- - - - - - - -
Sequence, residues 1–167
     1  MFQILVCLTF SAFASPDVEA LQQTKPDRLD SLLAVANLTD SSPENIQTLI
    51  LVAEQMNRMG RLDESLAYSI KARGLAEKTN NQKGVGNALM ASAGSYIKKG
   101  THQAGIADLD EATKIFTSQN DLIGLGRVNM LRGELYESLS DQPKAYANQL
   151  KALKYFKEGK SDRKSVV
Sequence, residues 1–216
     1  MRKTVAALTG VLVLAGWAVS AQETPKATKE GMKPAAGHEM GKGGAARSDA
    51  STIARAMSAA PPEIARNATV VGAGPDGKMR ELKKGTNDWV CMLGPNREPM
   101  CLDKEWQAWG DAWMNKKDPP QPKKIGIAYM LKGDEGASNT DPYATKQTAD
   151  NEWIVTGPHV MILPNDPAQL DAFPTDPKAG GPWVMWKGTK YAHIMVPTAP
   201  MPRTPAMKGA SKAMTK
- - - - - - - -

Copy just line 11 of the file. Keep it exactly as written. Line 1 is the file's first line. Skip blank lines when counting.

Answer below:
   201  MPRTPAMKGA SKAMTK